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Pink and Green: Korean Tomatoes

🍅 “I like tomato, you like tomahto… 🎶

🥔 I like potato, you like potahto.” 🎵

Or was it the other way around? 🍅🤔🥔

Who decides what’s correct and what is not when it comes to tomatoes and potatoes, anyways. Despite pronunciation,* there are also disputes regarding the classification of these two food items. Is a tomato a fruit? Or is it a vegetable? Is a potato a vegetable? Or is it more than that, considering it is a staple just like bread, noodles or rice in many countries other than Korea? ➡️ fries🍟 = 🍚 rice ➡️ ❌ or ✅❔

Moreover, is there even such a thing as the “right” way of consuming them? In a previous post, I’ve introduced you to the Korean way of eating potatoes. Now, let’s take a look at tomatoes in Korea… 🤓

Boxes of “chal tomatoes” on sale at a grocery store in Seoul, July 2019.

The first thing you will notice is that they look different. Today, there exists such a diversity of tomatoes all over the world. In Korea, many tomatoes are pink or green or even both! One of the most common varieties is the “chal tomato” (찰토마토), which is pinkish and somewhat green. Apart from the color, they are similar in size and shape to the regular, bright orange-red tomatoes, which are familiar in Western cuisines. But these Korean tomatoes taste less tart and have a dry, almost grainy texture when consumed raw. Then there’s also the dark green “daejeo tomato” (대저토마토), also called “heuk tomato” (흑토마토 – black tomato) or “jjapjjari tomato” (짭짤이토마토 – lit. ‘salty tomato’), hinting at characteristics of this kind of breed. But there exist also global varieties such as the small but popular cherry tomato which is called bang-ul tomato (방울토마토) in Korean, translating to “water drop tomato”. Occasionally, one can encounter more exotic varieties like the “green grape tomato” (cheong podo tomato 청포도토마토), which supposedly creates good eating sounds (ASMR).

Let’s move on towards how to eat tomatoes. If you are convinced that tomatoes are vegetables and you drink your tomato juice with salt and pepper (maybe even hot chili flakes or Tabasco!), then you must have grown up in the so-called Western world.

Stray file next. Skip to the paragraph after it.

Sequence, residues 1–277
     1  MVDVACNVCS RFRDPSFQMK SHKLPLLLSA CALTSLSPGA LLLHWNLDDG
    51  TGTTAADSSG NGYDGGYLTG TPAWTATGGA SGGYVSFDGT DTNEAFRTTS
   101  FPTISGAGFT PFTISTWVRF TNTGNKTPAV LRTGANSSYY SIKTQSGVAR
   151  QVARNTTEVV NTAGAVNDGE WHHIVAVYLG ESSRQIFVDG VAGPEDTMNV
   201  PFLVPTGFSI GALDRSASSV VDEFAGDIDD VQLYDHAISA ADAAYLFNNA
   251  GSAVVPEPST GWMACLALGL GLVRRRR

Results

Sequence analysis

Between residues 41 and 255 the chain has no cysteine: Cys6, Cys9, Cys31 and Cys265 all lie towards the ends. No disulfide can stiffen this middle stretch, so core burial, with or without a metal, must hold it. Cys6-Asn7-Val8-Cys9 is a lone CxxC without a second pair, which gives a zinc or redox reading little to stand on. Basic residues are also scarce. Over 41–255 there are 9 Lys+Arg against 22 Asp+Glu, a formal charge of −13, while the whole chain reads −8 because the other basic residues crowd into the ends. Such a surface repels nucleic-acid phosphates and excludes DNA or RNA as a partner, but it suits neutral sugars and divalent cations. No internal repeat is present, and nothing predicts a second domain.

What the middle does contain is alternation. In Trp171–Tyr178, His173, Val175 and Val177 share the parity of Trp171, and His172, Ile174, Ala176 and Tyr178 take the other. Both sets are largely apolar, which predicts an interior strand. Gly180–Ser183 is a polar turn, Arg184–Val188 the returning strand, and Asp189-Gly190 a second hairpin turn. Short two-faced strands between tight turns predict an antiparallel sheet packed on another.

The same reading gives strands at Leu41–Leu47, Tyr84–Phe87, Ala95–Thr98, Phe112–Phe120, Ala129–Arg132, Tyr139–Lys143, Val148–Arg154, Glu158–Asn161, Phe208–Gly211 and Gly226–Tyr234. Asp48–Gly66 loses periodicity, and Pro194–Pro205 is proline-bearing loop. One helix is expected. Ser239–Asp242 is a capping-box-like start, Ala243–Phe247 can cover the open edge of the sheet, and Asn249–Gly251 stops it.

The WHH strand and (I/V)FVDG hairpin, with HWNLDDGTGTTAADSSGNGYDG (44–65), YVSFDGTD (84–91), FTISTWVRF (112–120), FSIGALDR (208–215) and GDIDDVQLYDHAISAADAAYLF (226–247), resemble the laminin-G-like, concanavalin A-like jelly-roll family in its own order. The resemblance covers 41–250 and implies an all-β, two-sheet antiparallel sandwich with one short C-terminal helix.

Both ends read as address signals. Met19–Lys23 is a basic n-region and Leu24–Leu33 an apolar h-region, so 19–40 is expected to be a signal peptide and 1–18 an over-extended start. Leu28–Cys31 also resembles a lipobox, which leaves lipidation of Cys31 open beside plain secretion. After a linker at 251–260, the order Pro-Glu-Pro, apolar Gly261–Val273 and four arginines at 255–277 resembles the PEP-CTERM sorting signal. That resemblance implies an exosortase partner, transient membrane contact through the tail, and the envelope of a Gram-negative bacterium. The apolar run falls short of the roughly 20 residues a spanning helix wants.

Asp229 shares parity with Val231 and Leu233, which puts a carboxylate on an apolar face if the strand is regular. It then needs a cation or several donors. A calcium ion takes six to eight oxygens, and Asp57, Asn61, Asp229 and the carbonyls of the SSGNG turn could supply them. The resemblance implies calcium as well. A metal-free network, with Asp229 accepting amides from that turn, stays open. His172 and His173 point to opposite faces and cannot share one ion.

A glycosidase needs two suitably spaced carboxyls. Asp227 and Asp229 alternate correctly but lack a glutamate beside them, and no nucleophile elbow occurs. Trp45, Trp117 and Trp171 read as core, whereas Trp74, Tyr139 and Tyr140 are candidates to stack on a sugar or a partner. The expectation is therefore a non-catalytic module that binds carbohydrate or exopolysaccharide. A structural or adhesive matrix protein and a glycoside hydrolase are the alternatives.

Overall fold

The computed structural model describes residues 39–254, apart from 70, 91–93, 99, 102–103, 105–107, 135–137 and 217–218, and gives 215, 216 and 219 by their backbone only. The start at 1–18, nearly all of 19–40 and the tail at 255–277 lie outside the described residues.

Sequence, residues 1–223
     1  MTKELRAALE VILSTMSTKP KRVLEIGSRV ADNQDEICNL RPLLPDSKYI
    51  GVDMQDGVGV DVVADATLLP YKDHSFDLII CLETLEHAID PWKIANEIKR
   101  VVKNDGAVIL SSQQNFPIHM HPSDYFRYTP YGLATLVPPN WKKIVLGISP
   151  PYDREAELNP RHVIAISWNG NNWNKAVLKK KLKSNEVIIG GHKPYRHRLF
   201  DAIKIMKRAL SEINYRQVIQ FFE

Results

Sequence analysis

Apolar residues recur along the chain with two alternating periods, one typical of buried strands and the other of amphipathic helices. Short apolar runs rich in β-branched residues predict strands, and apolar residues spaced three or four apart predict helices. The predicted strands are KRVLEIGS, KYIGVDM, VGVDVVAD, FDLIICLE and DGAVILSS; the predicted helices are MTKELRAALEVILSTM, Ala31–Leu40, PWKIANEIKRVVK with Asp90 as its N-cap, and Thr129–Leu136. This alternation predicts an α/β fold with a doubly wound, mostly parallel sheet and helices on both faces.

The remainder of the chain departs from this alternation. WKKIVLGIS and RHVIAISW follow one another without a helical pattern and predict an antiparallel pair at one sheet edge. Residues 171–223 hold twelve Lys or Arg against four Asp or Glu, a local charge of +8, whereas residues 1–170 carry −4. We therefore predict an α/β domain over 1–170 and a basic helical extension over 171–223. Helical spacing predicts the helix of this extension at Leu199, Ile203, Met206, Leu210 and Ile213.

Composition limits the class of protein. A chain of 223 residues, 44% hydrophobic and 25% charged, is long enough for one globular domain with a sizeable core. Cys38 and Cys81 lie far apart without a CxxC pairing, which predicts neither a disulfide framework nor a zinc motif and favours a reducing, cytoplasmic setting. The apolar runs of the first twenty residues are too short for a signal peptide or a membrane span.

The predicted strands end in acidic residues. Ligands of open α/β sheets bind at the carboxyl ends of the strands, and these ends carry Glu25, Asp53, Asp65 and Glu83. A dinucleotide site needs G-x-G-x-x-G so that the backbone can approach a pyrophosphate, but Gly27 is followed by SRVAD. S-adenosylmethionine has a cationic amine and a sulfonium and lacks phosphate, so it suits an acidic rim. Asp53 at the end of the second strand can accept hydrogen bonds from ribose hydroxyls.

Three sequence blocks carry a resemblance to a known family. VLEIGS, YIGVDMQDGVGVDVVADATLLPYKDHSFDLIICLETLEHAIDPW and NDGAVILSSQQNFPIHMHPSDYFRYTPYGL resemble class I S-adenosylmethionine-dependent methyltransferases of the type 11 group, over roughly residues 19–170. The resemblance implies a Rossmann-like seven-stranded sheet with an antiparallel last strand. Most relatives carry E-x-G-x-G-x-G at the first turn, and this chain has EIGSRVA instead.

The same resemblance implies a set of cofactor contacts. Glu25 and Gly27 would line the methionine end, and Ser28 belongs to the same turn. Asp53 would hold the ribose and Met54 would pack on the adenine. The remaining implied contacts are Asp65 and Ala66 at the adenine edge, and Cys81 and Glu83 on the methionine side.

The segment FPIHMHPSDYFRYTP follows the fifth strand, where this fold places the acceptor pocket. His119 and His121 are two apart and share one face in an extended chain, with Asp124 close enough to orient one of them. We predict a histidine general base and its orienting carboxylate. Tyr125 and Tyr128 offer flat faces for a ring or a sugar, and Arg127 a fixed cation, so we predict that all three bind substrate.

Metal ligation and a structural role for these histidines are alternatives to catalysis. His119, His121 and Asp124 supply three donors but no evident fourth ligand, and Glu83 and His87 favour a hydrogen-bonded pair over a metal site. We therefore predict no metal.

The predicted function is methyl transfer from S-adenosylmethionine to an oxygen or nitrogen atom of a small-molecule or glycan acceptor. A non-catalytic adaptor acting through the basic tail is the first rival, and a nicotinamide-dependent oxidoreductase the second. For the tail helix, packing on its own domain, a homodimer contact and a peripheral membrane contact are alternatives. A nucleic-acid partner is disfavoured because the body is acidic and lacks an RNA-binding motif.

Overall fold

Freshly blended tomato juice at Cafe Eldyn (카페 엘딘) in Hwaseong 2019.

If you then have tomatoes in an East Asian country such as China or Korea, you will be shocked. Because there, tomatoes are naturally seasoned with sugar. Or sugar syrup. Or honey.

💣

💥

*BOOOOM*

🤯

Why?????????????????????????????????????????????

You might ask yourself after the initial shock vanishes, allowing your brain to work again.

This happens to me all the time whenever I order fresh tomato juice and forget to mention that I don’t want my serving to be sweetened. In most Korean coffee shops or juice bars, the basic recipe for “tomato juice” (토마토주스) – which is actually more like a smoothie – is blending fresh tomatoes with water and sugar syrup. And more fancy variations feature honey instead of syrup. Either way, unless you interfere, the tomato drink will automatically be served sweet. But if YOU personally prefer tomato juice without any sweetener at all, you could use the following sentence upon ordering:

  • “Please do not add sugar, syrup or honey into my tomato juice.”
    • 토마토주스에 설탕, 시럽이나 꿀 넣치 마세요.
      • Tomato juseu-e seoultang, sireopina kkul neochi maseoyo.

This should arrange for you to be served plain tomato juice, and it gives you the chance to enjoy it the way you like it – be that pure or savory with added salt, Tabasco … you name it! If you get pre-made tomato juice from a supermarket or a convenience store, however, even your freshly acquired Korean skills cannot do much. The tomato juice is most likely going to taste sweet. You could still use your language skills to check the label before purchasing it. And then, it’s your choice of accepting the novel taste or avoiding it altogether.

Anyways, I guess the answer to the big question of WHY is that in Korea, they consider tomatoes as fruit.

Cherry tomatoes and green grapes in a fruit snack box from a Korean convenience store.
Tomato Bingsu (토마토빙수) consisting of shaved ice, milk and sweet tomato puree, garnished with tomato, pepper and basil, at Tokyo Bingsu (도쿄 빙수), Seoul 2019.

Consequently, you can find tomatoes inside assortments of fruits served as sweet snacks or for dessert. 🍓🍍🍇🍏🍅 In some places, you can even find Korea’s shaved ice dessert bingsu (빙수) with tomatoes as topping: Sweet milk -frozen and shaved into fluffy, snowflake-like ice crystals which instantly melt in your mouth – is garnished with the slightly tangy flavor of sweetened tomatoes and pink tomato sauce. Yuck or yum? 🍧🍅 Once, I encountered a chocolate fondue, which featured pieces of cake, cookies, ice cream and fruit. 🍫🍰🍪🍦🍓 Among those fruit, which were supposed to be dipped into molten chocolate, there were cherry tomatoes! 🍫🍅 I leave the taste up for your own imagination. Back then, I was too appalled that I did not dare trying it and instead watched (half in horror, half in curiosity) my sister eat everything… In hindsight and perhaps with a few more years of ‘life experience’, I am thinking, it couldn’t have been thaaaat bad. After all, everything tastes good with chocolate, right? [Still, I am not willing to cook this up for myself, just to give it another shot!]